Appeals from judgments of Court of Quarter Sessions of Philadelphia County, Sept. T., 1964, Nos. 507 and 508, in case of Commonwealth of Pennsylvania v. Abysinnia Hayes, also known as Shaykh Hasson.
Herbert L. Floum, with him Herman Weiner, for appellant.
Thomas M. Reed, Assistant District Attorney, with him Patrick F. Casey and Joseph M. Smith, Assistant District Attorneys, F. Emmett Fitzpatrick, Jr., First Assistant District Attorney, and James C. Crumlish, Jr., District Attorney, for appellee.
Ervin, P. J., Wright, Watkins, Montgomery, Jacobs, and Hoffman, JJ. (Flood, J., absent). Opinion by Jacobs, J.
[ 205 Pa. Super. Page 340]
Appellant was convicted by a jury of the crimes of inciting to riot, participating in a riot and conspiracy to commit riot. Appellant's motions in arrest of judgment and for a new trial were refused by the court below and sentence was imposed. In his appeal the appellant states the sole question to be whether or not the evidence was sufficient to warrant his conviction of the offenses charged. He does not allege any trial errors or make any objection to the trial judge's charge.
Appellant was charged with committing these various crimes in connection with the disturbance which took place in Philadelphia on the night of Friday, August 28, 1964, and the morning of Saturday, August 29, 1964. The appellant admits that a riot took place at that time but he denies that he participated in the same or incited the same or conspired with anyone else to bring about a riot.
A riot "is commonly defined as a tumultuous disturbance of the peace by three or more persons assembled and acting with a common intent; either in executing a lawful private enterprise in a violent and turbulent manner, to the terror of the people, or in executing an unlawful enterprise in a violent and turbulent manner." Commonwealth v. Kahn, 116 Pa. Superior Ct. 28. Participating in a riot is made a misdemeanor by § 401 of The Penal Code, 18 P.S. 4401.
[ 205 Pa. Super. Page 341]
Inciting to riot is not a statutory offense in Pennsylvania but it is a common law crime. "Inciting to riot, from the very sense of the language used, means such a course of conduct, by the use of words, signs or language, or any other means by which one can be urged on to action, as would naturally lead, or urge other men to engage in or enter upon conduct which, if completed, would make a riot." Commonwealth v. Merrick, 65 Pa. Superior Ct. 482 at 491.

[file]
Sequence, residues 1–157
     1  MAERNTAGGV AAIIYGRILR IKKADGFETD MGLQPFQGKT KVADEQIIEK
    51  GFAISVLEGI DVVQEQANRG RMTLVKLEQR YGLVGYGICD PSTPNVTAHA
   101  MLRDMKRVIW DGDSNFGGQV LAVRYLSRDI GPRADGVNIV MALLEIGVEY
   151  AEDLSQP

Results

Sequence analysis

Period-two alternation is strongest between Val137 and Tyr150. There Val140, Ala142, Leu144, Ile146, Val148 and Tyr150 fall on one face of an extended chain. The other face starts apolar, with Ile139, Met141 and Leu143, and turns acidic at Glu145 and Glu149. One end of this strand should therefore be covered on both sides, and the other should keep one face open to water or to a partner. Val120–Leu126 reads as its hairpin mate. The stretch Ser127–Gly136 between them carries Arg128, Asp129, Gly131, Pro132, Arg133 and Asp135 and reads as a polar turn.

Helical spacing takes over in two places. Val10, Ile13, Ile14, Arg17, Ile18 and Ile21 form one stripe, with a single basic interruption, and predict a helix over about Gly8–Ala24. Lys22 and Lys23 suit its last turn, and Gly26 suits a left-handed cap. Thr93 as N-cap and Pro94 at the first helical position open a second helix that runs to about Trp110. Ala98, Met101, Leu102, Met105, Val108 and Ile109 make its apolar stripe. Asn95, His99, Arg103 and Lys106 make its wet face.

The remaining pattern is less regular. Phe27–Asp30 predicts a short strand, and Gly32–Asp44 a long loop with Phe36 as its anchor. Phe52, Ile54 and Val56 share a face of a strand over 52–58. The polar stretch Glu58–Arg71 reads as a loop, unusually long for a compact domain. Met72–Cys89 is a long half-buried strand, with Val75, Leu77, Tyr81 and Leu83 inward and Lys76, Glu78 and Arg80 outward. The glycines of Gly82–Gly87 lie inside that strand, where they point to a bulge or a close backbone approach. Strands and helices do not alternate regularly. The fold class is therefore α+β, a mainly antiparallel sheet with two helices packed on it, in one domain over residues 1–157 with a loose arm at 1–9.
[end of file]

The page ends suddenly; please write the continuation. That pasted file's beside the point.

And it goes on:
Conspiracy to do an unlawful act is made a crime by § 302 of The Penal Code, 18 P.S. 4302. The elements of the crime are a combination or a confederacy of two or more persons, with criminal intent, to do an unlawful act. The Commonwealth is not required to show an express agreement but the elements of the crime may be inferred from the actions of the parties. Commonwealth v. Gaines, 167 Pa. Superior Ct. 485.
Since it is admitted that a riot occurred in Philadelphia at this time and place, we need not further discuss this element of the crimes charged. So far as the other elements of the crimes are concerned our only task is to determine whether or not there was sufficient evidence from which the jury could find the defendant guilty beyond a reasonable doubt. In considering the motion in arrest of judgment the testimony must be read in the light most favorable to the Commonwealth and we must accept as true all the Commonwealth's evidence upon which, if believed, the jury could properly have based its verdict. Commonwealth v. Whiting, 409 Pa. 492. It is not within the province of the appellate court to pass upon the credibility of the witnesses. Commonwealth v. Logan, 361 Pa. 186.
The Commonwealth's evidence shows that the appellant was present at 22nd Street and Columbia Avenue, in the City of Philadelphia, and at other points in the near ...